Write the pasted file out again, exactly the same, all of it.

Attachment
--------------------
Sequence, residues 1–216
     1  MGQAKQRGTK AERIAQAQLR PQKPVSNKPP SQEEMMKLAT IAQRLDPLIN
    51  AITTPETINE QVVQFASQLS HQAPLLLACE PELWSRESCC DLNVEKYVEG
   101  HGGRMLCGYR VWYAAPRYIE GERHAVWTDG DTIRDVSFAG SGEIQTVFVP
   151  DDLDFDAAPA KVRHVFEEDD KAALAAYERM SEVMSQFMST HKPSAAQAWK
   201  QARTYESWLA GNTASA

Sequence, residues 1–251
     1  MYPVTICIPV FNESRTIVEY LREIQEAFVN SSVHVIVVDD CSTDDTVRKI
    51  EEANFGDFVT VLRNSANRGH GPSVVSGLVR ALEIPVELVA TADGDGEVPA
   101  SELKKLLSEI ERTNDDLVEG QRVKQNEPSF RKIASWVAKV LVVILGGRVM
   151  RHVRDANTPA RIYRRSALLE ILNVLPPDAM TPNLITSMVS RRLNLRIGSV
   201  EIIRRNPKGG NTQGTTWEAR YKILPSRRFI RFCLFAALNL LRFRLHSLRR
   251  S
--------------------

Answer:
Sequence, residues 1–216
     1  MGQAKQRGTK AERIAQAQLR PQKPVSNKPP SQEEMMKLAT IAQRLDPLIN
    51  AITTPETINE QVVQFASQLS HQAPLLLACE PELWSRESCC DLNVEKYVEG
   101  HGGRMLCGYR VWYAAPRYIE GERHAVWTDG DTIRDVSFAG SGEIQTVFVP
   151  DDLDFDAAPA KVRHVFEEDD KAALAAYERM SEVMSQFMST HKPSAAQAWK
   201  QARTYESWLA GNTASA

Sequence, residues 1–251
     1  MYPVTICIPV FNESRTIVEY LREIQEAFVN SSVHVIVVDD CSTDDTVRKI
    51  EEANFGDFVT VLRNSANRGH GPSVVSGLVR ALEIPVELVA TADGDGEVPA
   101  SELKKLLSEI ERTNDDLVEG QRVKQNEPSF RKIASWVAKV LVVILGGRVM
   151  RHVRDANTPA RIYRRSALLE ILNVLPPDAM TPNLITSMVS RRLNLRIGSV
   201  EIIRRNPKGG NTQGTTWEAR YKILPSRRFI RFCLFAALNL LRFRLHSLRR
   251  S